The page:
“I’ve only heard of one of these five guys, and I don’t like him, very much.” I don’t know for certain, but for a few of you, that was probably the perception of the return the Cubs received for Yu Darvish and Victor Caratini in December 2020. At that point, it boils to trust. Did you, I ask rhetorically, trust Jed Hoyer to do an adequate job in trading two known pieces of the Cubs’ 2020 success? You had one or two data points, depending on if you included non-tendering Kyle Schwarber. Having a record to go by is important in baseball.
Reggie Preciado, infield
Born May 16, 2003, Boqueron, Panama
Signed internationally by the Padres
Acquired by the Cubs in the Yu Darvish/Victor Caratini trade
When I look at my preference list for the Cubs’ choices at this summer’s seventh pick, six of the twelve names are preps. I’m not more interested in preps than college players, necessarily, for partially the same reason some were unimpressed with the Darvish trade. There is no bit of a film clip that will convince me that a prep is better prepared for pro success than plugging into a college player’s success in a weekend series would. If a college outfielder crushes Vanderbilt pitching over a weekend, the hitter impresses me. One of the hitters on my list (outfielder Gavin Cross from Virginia Tech) went 0 for 4 with three strikeouts against three pitchers in a game against Clemson. That is my primary bit of data points for Cross, and I still need to be convinced, but he’s on my list.
Opening weekend of the D1 season offers James Madison at Florida State. The Seminoles usually provide quality pitching, and this year is likely no exception. The Dukes counter with Chase DeLauter, who is on my list of twelve names. Hearing the FSU/JMU games, including quality pitchers, will give me a much better baseline. For both the pitchers and DeLauter. The more realistic information, the better the assessment process.
Regarding Preciado, I have no realistic information on him, still. His season in 2021 was in the Arizona Complex League. I watched none of those games, nor did I listen to them. He played in 34 games and hit .333/.383/.511. Those are good numbers... but it’s the ACL.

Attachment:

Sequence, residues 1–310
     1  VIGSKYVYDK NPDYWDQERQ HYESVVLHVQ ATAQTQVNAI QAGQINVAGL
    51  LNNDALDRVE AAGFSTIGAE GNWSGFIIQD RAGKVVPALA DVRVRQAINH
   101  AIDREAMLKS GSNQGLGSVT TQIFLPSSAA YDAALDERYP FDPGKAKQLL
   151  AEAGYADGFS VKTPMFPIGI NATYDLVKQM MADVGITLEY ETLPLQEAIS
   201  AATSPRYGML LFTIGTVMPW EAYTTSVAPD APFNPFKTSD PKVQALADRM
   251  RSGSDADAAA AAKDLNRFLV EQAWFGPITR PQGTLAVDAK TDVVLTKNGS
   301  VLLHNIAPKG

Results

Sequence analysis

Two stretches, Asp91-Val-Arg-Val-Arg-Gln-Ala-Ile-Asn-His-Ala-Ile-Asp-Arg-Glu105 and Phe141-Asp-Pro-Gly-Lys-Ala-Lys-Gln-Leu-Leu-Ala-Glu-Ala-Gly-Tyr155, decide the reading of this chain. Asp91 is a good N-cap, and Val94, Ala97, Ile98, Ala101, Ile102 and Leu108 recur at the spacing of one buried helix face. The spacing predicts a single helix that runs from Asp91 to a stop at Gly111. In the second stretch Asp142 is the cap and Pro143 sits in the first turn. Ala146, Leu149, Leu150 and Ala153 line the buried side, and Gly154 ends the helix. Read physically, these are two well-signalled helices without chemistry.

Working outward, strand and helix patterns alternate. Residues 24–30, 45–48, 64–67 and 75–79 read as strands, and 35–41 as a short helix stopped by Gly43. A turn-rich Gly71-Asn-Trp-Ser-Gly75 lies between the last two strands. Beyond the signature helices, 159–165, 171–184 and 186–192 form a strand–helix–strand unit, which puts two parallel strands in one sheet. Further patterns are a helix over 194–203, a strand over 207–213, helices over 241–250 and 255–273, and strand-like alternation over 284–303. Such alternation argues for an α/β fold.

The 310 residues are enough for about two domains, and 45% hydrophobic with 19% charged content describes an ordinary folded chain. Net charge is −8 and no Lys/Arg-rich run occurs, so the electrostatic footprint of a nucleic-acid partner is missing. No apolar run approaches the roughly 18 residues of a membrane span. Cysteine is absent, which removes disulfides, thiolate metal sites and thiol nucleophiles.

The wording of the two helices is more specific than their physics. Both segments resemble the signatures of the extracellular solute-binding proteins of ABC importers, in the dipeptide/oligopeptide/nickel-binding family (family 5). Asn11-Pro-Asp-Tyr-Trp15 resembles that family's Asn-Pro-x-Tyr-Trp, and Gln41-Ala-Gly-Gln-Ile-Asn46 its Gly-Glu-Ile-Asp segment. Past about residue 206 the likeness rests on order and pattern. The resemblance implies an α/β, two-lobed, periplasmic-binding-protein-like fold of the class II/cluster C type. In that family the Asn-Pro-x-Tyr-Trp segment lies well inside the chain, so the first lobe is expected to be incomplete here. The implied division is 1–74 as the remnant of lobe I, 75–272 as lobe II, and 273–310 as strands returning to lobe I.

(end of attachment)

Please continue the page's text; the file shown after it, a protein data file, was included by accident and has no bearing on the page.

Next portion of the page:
Under no logical justification could I split the difference on Preciado, outfielder Kevin Alcantara, or shortstop Cristian Hernandez. Of that trio, along with Owen Caissie and outfielder Pete Crow-Armstrong, I’ve only listened to games where Caissie played. For the same reason my assessments of DeLauter can be dismissed as ill-informed, the same applies for the other four Cubs teenage prospects.
That doesn’t mean they’ll be good. That doesn’t mean they’ll be terrible. It does mean I’m 97-plus percent reliant on other people’s opinions of them as I craft my own opinions. It’s not very logical for me to aggressively put any hefty weighting on what I haven’t seen or heard in a game. Once players in the Cubs pipeline begin to play games with announcers, it’s much easier for me to trust my opinions on them.
I really appreciate that Preciado is a switch hitter. While that guarantees nothing, most switch-hitters can have an edge on the pitcher if they’re capable from both sides of the plate. Preciado had three triples and three homers in 154 plate appearances in his pro debut season. Expecting him to play a bit of shortstop and a bit of third base for the 2022 Myrtle Beach Pelicans doesn’t seem unreasonable. If that happens, I can start filling you in on what I hear in those games.
Learning from those games seems far more likely than learning something from a game from Wrigley. Learning is the aspect that moves the needle for me, not cheering or being near people. I look forward to baseball games that teach me more about players in the Cubs pipeline, or those trying to join said group through this summer’s Draft.
Reggie Preciado’s first professional hit.— Cubs Prospects - Bryan Smith (@cubprospects) June 29, 2021
Reggie Preciado’s first professional home run.
( : Reggie Preciado’s IG) pic.twitter.com/LSvkqkEGRO